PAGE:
Mark Miller, owner of Al-Marah Arabian Horses, whose horses graced the ring at Arabian Nights Dinner Show for years, originally considered starting Arabian Nights in Orange County. Planners working with him to create the world famous dinner show told him to consider Kissimmee instead, insisting that he would find a home in Osceola County.
Miller has lived in Central Florida since he moved to the area in 1966 to attend Rollins College, and he tells me Rodeo Diner in Kissimmee is his favorite place to eat. “I love the county’s rodeo heritage,” he says, “If you have someplace that has history like Osceola County, it’d be tragic not to preserve it.”
Through the Ruth McCormick Tankersley Charitable Trust, Mark sponsors the Osceola County Historical Society’s research center and education programs, including the Traveling Trunks program which provides classroom resources for students and teachers to learn about Osceola County’s early native and pioneer settlers. His charity work is not exclusive to Osceola County, but he stays active in things that make Osceola County a better place to live. “You’re obligated to make the community a better place if you can,” he says.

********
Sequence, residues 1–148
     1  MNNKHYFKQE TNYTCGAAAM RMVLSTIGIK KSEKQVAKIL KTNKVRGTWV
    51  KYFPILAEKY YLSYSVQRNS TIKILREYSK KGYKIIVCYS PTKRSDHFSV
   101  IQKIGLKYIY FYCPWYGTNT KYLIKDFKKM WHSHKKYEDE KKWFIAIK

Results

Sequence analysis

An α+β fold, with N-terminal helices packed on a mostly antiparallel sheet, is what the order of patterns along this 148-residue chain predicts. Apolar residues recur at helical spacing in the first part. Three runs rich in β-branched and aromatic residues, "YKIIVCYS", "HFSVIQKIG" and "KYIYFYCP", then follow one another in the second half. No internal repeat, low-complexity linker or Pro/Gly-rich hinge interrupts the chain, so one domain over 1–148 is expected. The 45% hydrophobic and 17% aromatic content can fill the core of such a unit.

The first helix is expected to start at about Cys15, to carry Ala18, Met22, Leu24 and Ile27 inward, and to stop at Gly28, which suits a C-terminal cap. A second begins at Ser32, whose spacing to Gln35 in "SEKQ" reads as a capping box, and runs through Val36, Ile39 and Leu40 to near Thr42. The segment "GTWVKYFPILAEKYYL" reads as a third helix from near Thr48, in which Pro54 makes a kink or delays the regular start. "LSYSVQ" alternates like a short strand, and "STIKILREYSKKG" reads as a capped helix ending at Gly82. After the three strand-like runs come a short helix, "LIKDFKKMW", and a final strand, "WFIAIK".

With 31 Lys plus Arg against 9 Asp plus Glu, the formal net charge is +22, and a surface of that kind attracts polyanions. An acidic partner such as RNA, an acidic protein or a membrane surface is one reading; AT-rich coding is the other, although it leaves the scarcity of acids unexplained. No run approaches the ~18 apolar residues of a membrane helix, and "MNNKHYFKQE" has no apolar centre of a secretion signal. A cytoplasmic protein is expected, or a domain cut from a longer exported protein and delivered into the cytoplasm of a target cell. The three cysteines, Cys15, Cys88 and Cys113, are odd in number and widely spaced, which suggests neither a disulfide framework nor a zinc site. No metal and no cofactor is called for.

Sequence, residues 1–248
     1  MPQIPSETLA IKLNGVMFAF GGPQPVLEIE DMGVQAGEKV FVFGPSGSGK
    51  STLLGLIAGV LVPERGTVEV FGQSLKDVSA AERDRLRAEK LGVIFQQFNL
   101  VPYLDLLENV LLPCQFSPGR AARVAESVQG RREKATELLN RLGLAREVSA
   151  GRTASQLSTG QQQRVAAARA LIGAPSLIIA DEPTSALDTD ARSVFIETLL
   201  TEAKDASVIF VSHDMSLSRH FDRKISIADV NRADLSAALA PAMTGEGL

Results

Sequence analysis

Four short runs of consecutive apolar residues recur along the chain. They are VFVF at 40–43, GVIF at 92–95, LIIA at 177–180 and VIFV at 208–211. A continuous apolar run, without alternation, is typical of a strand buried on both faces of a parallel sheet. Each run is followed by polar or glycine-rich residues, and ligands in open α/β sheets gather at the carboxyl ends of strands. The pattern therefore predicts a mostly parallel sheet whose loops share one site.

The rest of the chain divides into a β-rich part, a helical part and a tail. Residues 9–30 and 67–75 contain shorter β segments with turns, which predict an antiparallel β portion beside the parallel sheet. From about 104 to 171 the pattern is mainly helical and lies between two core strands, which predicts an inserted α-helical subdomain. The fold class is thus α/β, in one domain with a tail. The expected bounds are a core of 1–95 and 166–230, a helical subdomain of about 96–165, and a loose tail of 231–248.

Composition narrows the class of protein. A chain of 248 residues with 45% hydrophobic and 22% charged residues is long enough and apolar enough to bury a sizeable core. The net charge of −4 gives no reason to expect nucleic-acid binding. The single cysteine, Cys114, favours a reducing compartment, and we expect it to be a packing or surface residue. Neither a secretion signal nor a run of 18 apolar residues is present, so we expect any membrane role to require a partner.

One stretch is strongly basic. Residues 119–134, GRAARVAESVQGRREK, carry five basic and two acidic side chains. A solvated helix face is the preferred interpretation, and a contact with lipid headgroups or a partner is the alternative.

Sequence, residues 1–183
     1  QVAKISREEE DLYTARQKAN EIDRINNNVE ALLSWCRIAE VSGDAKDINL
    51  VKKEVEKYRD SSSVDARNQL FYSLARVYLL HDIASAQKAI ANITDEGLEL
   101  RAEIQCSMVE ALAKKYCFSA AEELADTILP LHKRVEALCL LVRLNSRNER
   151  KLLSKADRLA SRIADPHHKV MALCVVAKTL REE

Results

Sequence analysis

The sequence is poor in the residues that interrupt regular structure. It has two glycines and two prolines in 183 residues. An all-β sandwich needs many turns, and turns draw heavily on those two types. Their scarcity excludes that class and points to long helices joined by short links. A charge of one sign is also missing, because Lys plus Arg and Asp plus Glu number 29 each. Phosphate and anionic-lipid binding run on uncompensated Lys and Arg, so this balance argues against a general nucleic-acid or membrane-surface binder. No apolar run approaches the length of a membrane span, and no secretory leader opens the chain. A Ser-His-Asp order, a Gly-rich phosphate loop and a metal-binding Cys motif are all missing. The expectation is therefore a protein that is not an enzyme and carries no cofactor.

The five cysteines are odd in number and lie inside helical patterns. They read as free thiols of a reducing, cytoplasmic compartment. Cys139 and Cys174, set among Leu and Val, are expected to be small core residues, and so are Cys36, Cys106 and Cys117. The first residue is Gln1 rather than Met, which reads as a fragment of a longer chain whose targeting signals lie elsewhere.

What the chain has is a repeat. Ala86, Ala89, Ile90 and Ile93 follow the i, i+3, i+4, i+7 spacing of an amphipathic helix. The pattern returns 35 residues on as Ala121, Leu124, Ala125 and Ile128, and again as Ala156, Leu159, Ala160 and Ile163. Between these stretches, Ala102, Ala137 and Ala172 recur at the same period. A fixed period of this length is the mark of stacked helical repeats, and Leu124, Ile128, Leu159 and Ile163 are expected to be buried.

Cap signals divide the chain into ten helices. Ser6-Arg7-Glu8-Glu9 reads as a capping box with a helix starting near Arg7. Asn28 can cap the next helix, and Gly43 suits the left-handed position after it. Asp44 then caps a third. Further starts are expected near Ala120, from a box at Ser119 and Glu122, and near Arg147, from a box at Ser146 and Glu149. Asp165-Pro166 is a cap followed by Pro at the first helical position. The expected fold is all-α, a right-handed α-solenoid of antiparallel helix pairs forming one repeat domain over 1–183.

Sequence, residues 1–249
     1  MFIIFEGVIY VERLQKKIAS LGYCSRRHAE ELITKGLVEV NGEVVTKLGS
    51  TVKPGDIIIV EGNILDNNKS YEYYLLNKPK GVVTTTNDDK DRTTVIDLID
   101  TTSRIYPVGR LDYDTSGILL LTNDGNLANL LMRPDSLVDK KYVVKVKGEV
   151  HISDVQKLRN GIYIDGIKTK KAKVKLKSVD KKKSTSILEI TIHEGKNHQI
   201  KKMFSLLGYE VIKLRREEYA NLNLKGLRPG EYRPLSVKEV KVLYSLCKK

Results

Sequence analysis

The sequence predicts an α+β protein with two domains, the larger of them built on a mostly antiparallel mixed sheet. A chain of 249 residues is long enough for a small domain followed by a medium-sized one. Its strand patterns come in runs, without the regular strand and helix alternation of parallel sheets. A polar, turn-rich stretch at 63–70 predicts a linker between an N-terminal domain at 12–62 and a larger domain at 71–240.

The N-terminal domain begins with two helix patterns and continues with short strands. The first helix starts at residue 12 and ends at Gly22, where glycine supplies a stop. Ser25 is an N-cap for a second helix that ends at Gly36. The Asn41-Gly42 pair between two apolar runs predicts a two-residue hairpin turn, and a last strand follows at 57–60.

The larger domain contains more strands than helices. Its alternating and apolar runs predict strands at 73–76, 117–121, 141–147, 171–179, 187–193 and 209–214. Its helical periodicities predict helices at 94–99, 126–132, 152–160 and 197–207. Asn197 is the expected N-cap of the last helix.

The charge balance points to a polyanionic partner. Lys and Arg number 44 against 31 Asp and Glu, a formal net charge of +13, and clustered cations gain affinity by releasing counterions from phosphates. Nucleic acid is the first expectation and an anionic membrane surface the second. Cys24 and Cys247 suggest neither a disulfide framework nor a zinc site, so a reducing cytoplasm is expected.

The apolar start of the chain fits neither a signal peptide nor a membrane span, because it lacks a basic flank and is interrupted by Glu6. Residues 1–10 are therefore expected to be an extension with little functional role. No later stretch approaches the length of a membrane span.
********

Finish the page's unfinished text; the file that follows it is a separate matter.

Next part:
Miller is dedicated to fulfilling this obligation, working extensively to combat homelessness and human trafficking in Central Florida, and remaining involved with organizations that provide education and other services, including the Heavenly Hooves in Osceola County, which combines Mark’s love of service and horses and provides equine-assisted activities and therapeutic programs.
Apart from improving the community through nonprofit partnership, Miller has been involved with the West 192 Redevelopment Authority, working to revitalize the West 192 corridor. He was also instrumental in the privatization and is a director of Experience Kissimmee, an entity which helped to attract more than 60 million tourists to Osceola County last year.
Seeming to inherit his mother’s penchant for “always keeping an eye on the horizon,” Mark sees a bright future in Osceola County, impressing on the importance of tourism in our county, and noting that what will really bring change to the economy in Osceola County is creating a High Tech Corridor, including the Florida Advanced Manufacturing Research Center. It’s been said that the creation of a High Tech Corridor will be as transformative for Osceola County as Walt Disney World was in the 1970s.
“I don’t mind change. If you’re anti-growth in Florida, you’ll have a frustrating life,” he says. When I ask Mark what frustrations there are in his life, he smiles. “I have a wonderful life. I’ve been really blessed,” Mark says, “and one of my blessings has been living in Osceola County.”